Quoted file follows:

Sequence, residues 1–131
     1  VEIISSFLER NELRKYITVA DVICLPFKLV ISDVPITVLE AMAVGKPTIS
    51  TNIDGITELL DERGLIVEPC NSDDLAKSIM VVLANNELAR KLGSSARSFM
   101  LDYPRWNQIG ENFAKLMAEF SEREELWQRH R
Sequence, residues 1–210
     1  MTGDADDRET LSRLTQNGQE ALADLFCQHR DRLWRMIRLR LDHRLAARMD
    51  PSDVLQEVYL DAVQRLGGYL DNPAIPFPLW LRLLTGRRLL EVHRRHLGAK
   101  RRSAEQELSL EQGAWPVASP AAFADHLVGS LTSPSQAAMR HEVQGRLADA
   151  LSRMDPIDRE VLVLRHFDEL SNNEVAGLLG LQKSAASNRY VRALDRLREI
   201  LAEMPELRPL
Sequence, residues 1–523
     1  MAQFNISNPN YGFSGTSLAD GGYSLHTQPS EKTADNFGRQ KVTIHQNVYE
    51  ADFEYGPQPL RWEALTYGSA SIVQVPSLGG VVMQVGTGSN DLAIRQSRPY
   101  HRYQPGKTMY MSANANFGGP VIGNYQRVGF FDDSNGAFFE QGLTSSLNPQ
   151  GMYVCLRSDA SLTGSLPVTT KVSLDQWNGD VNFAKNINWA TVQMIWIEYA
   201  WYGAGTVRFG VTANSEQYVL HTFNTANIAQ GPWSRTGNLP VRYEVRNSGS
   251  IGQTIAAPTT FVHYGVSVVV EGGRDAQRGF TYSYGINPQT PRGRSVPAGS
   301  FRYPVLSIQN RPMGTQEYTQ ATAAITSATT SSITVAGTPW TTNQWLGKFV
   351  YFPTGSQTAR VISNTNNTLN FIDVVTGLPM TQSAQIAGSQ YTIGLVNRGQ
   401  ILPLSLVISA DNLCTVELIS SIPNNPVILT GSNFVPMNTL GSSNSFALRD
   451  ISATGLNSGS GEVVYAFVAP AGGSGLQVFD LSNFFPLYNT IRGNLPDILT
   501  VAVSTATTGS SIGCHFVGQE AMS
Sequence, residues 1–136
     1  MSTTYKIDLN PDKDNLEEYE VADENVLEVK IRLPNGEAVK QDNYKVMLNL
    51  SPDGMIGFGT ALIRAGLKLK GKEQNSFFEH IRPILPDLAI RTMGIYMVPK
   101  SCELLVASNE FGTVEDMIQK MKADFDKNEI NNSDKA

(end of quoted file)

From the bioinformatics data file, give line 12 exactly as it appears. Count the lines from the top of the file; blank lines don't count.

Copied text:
     1  MAQFNISNPN YGFSGTSLAD GGYSLHTQPS EKTADNFGRQ KVTIHQNVYE